Aug

12

Posted by : Monitor Admin | On : August 12, 2016

Retiring Enchanted Oaks Mayor Don Warner holds a framed resolution recognizing his contributions to the small community over the past 20 years in city government. He will be missed by city secretary Pamela Foster, who gets a hug of appreciation for her working along side. He also received a 10 yrs service plaque from vfd and outstanding service  award.

Retiring Enchanted Oaks Mayor Don Warner holds a framed resolution recognizing his contributions to the small community over the past 20 years in city government. He will be missed by city secretary Pamela Foster, who gets a hug of appreciation for her working along side.
He also received a 10 yrs service plaque from vfd and outstanding service award.

By Pearl Cantrell
Monitor Staff Writer
ENCHANTED OAKS—It’s been a long fruitful run for the mayor of Enchanted Oaks. After having served 13 years in the small community’s top office, Don Warner is moving to Arlington to be near family. The community and city council held a farewell reception for him and his wife, Darlene, Tuesday, Aug. 9 following the city council meeting.
Around 70 people crowded into the community center to express their gratitude and well wishes to the energetic leader who consistently guarded the community’s safety over the years. Even those he had strong disagreements with came to wish him well, former council member Alan Bell observed. “That speaks clearly of Don’s character and reputation,” he said.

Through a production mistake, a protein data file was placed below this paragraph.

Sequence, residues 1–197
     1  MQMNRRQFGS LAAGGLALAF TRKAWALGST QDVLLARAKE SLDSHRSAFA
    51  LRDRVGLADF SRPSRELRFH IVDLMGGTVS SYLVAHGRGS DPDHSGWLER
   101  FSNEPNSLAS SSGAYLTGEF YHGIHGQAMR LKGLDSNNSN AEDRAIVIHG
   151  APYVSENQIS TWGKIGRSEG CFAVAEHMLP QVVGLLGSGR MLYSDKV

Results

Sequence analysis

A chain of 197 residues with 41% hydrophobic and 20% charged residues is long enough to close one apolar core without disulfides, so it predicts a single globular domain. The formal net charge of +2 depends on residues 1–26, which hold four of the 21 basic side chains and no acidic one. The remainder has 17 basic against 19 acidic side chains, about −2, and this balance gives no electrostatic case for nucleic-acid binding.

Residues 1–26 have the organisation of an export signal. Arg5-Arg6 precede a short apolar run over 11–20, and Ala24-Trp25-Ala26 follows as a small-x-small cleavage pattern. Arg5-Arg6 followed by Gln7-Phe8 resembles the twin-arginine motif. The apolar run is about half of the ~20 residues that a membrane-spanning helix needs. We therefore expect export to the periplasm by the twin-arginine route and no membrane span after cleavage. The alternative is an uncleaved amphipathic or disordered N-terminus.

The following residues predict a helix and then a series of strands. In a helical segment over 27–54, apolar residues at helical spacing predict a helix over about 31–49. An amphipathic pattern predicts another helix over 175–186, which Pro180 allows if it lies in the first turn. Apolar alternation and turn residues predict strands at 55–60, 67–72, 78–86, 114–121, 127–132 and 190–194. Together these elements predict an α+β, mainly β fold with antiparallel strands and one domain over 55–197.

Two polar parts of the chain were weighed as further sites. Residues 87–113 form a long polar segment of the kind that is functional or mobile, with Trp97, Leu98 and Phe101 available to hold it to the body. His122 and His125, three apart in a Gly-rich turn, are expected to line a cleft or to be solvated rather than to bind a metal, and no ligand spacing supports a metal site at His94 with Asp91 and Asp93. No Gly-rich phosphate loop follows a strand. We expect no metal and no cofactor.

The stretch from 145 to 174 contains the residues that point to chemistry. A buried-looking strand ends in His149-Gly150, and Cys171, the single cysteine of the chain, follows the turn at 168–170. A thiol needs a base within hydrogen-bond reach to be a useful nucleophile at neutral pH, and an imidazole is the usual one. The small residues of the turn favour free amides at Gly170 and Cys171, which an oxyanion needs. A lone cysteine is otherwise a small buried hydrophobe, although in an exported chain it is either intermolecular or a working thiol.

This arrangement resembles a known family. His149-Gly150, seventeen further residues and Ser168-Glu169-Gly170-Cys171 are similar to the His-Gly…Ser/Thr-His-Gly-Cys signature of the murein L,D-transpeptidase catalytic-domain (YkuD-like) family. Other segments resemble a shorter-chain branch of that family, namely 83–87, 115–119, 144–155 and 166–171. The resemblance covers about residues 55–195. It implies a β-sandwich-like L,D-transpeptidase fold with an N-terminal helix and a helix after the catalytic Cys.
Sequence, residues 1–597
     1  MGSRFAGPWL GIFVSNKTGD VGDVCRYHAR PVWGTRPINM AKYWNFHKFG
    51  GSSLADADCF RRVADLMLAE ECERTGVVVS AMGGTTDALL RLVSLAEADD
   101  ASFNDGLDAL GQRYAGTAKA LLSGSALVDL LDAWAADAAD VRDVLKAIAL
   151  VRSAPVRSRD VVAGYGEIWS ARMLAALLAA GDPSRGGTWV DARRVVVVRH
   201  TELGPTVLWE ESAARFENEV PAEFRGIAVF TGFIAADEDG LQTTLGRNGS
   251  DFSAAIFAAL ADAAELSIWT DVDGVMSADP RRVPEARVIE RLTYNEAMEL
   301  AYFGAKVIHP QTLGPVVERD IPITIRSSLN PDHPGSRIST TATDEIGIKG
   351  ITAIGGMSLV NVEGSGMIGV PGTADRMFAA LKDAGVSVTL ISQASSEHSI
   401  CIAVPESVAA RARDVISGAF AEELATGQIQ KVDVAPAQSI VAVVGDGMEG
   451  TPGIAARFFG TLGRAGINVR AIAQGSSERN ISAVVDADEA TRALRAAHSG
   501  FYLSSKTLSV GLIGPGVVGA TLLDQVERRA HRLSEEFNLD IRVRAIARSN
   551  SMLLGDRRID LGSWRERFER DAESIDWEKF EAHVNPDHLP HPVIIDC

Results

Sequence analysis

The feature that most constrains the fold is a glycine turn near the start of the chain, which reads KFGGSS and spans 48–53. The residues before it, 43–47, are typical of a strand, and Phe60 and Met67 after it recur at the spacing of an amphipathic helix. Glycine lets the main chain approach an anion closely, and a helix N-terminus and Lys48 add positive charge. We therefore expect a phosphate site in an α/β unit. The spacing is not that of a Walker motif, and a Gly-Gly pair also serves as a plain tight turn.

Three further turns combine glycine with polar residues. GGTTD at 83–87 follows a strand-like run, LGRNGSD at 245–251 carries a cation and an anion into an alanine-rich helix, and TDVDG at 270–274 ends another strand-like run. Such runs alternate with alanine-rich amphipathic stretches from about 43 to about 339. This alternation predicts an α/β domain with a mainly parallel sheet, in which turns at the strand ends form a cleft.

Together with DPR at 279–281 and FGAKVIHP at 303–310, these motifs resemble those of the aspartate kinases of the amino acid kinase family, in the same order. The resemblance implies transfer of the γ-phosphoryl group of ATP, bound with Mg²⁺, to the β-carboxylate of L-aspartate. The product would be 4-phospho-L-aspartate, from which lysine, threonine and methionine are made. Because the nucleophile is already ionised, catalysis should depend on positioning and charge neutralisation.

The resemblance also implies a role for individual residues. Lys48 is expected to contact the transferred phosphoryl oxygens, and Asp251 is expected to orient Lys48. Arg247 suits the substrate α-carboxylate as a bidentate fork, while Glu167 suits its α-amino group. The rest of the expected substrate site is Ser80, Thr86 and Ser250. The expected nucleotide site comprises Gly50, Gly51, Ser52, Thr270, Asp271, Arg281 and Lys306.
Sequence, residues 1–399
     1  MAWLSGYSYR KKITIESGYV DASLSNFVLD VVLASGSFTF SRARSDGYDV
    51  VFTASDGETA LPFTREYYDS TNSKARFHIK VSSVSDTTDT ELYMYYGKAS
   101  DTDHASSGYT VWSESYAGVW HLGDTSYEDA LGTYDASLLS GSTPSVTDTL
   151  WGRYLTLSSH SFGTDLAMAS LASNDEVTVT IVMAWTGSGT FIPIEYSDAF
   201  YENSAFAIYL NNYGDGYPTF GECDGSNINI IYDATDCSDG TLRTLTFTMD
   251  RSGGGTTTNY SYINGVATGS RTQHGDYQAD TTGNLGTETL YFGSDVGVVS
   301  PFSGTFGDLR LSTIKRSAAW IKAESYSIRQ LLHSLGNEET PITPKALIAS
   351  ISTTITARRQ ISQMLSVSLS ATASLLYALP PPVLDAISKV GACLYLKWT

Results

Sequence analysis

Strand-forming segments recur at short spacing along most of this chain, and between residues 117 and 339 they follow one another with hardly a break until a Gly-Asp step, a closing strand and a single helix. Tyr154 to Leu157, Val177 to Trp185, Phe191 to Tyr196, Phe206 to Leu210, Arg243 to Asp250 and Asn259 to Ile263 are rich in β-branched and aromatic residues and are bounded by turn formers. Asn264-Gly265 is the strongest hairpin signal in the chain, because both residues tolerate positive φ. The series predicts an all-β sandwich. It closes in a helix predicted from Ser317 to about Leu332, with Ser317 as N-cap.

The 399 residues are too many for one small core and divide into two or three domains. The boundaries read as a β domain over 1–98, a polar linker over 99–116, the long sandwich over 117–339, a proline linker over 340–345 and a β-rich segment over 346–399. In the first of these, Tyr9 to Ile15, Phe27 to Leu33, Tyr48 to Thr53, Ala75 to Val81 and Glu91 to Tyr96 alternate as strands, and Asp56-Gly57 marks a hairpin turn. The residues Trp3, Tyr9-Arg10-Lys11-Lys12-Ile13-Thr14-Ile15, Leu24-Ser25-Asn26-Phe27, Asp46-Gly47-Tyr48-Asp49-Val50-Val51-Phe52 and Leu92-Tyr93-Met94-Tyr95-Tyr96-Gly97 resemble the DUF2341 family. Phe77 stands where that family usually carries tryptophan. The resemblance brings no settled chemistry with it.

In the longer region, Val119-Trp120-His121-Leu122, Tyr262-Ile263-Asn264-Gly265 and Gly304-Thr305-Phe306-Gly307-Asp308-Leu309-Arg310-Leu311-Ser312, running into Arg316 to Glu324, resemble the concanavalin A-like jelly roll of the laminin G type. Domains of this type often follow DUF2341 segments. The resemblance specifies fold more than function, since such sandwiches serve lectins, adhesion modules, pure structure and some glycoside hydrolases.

The couple have lived in the Cedar Creek Lake area for more than 20 years, having relocated here in 1992. Don followed his 20-year career in the U.S. Air Force, where he attained the rank of Senior Master Sergeant, with work on the super collider and then as a general engineer for DART.
Bell served with Warner on the council for 17 years. “He poured all his energy into being mayor,” Bell said. “He worked it eight hours a day, six days a week for no pay. Come to think of it he recruited me to run for the council.”
Bell attributes Warner with the reason the small community has its own fire department with two grant-funded vehicles and currently is developing a large park project to include a wilderness walking trail through 13 acres, through grant funding from the Texas Department of Parks and Wildlife. The $147,000 project includes a city match of $73,500.
“He led the acquisition of the park property by proposing a trade with East Cedar Creek Fresh Water Supply District,” Bell noted.
“He’s been excellent to work with; a very strong manager and communicator. I don’t think we’ll find another [mayor] with the energy and willingness to work as hard as he has for the city.”
City Secretary Pamela Foster recalls his community service mindedness didn’t just respond on the large issues but took on the daily tasks that vexed his neighbors. “He responded to all kinds of calls made to the city, including responding to skunks, wild hogs and snakes on boat docks,” Foster said. “He never hesitated to serve his neighbors in any capacity.”
About half dozen years ago, Warner led the fight to prevent the operation of a sour gas well in nearby Payne Springs. His main concern was there was no exit strategy for the area should something go terribly wrong at the wellhead. Most recently, he opposed another effort at a sour gas well going in under Cedar Creek Reservoir. “Through his efforts, we have beat that back two times now,” Bell said.